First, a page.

Language Selection

English French German Italian Portuguese Spanish

openSUSE 12.1 KDE Review

Filed under
SUSE

openSUSE is one of the most popular desktop distros available. This time around it’s version 12.1 that has been released. If you aren’t familiar with openSUSE then you should know that it comes in KDE, GNOME, Xfce and LXDE versions. For this review I’ve picked the KDE version of openSUSE 12.1. I may do a quick look at the GNOME version on Eye On Linux later though.

Speaking of the GNOME version of openSUSE 12.1, I took a quick peek at it to see if the openSUSE had made any significant changes to the dreadful GNOME 3 desktop. Unfortunately, they didn’t though they should have. The Linux Mint developers did a good job on altering the GNOME 3.2 desktop to make it usable; I had hoped the openSUSE developers would do the same. Alas, perhaps they will in the next release. The lack of GNOME 3 tweaks is one of the reasons why I decided to review the KDE version instead.

Okay, enough babble about GNOME. Let’s get on with this review of openSUSE 12.1 KDE.




More in Tux Machines

Rugged mini-PC runs Android on Via’s Cortex-A9 SoC

Via debuted a rugged fanless low-power Android mini-PC based on Via’s dual-core Cortex-A9 Elite E1000 SoC, and offering mini-PCIe, mSATA, HDMI, and GbE I/O. Via designed the “Artigo A900″ mini-PC for use in Android-based interactive kiosks, home automation devices, signage, and other HMI solutions. The 125 x 125 x 30mm mini-PC can be configured to “blend locally-captured real-time video streams with cloud-delivered content to create visually-compelling interactive displays for retail, banking, museums, and other environments,” says Via Technologies. The device can integrate peripherals including sensors, cameras, ticket printers, and barcode and fingerprint scanners, adds the company. Read more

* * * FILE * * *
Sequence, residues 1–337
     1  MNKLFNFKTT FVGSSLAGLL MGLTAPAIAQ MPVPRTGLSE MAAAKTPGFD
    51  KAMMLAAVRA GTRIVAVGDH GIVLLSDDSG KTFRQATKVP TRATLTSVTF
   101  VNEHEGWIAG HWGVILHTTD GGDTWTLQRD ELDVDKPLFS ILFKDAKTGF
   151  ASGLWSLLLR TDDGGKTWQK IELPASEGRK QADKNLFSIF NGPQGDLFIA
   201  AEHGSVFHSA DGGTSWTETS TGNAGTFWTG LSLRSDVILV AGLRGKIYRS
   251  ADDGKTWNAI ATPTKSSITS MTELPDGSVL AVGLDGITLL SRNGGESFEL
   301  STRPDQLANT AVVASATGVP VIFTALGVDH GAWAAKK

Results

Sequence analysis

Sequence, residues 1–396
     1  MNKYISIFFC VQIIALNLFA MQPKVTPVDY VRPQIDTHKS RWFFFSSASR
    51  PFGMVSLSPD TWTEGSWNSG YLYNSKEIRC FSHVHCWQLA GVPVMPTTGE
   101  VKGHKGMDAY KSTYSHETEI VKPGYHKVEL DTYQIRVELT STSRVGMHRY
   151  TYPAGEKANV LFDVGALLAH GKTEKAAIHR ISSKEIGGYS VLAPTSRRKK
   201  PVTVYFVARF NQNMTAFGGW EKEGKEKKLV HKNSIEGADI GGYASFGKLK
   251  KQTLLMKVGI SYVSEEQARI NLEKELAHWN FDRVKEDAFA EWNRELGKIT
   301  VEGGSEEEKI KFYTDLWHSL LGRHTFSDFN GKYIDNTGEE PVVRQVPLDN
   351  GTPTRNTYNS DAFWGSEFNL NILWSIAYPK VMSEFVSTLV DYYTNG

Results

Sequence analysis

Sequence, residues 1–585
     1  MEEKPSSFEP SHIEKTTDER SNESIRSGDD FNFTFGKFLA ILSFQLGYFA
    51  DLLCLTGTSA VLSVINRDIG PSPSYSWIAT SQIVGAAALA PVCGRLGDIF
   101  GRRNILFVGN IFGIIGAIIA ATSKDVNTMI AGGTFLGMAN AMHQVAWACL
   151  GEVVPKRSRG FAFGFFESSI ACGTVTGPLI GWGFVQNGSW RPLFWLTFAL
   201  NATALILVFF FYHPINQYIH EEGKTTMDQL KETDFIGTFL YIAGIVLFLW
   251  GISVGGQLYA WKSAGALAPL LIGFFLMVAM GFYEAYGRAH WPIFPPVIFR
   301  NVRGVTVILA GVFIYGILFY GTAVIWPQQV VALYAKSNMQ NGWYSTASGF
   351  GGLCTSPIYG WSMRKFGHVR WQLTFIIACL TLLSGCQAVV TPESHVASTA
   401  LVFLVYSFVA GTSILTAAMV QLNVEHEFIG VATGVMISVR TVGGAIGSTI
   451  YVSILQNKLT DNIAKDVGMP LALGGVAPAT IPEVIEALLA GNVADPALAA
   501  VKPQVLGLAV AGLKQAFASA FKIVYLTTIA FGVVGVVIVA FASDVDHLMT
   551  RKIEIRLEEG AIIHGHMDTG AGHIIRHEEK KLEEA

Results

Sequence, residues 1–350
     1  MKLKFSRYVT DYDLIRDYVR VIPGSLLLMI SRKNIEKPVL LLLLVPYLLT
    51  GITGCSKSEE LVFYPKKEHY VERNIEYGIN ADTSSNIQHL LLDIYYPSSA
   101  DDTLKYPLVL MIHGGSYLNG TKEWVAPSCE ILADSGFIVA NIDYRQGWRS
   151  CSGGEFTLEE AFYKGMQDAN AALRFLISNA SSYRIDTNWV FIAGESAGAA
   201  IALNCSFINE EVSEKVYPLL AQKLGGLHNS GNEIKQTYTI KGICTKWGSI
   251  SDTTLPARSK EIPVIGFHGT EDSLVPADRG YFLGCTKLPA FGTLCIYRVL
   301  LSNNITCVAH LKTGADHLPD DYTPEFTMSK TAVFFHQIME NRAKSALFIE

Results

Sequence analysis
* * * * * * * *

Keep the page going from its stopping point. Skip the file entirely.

Newest Androids will join iPhones in offering default encryption, blocking police

The next generation of Google’s Android operating system, due for release next month, will encrypt data by default for the first time, the company said Thursday, raising yet another barrier to police gaining access to the troves of personal data typically kept on smartphones. Android has offered optional encryption on some devices since 2011, but security experts say few users have known how to turn on the feature. Now Google is designing the activation procedures for new Android devices so that encryption happens automatically; only somebody who enters a device's password will be able to see the pictures, videos and communications stored on those smartphones. Read more

X.Org Server Shatter Project Fails

Earlier this summer was the start of an X.Org-funded project to develop Shatter. Shatter has long been talked about as a new feature for the X.Org Server to replace Xinerama. Shatter comes down to allowing the X.Org Server to split the rendering between multiple GPUs with each GPU covering different areas of a larger desktop. A student from Cameroon hoped to develop the Shatter support after such feature was talked about for years. The student, Nyah Check, was being funded by the X.Org Foundation through the foundation's Endless Vacation of Code project that's similar in nature to Google's GSoC but runs year-round and is much more loose about requirements. Read more

today's howtos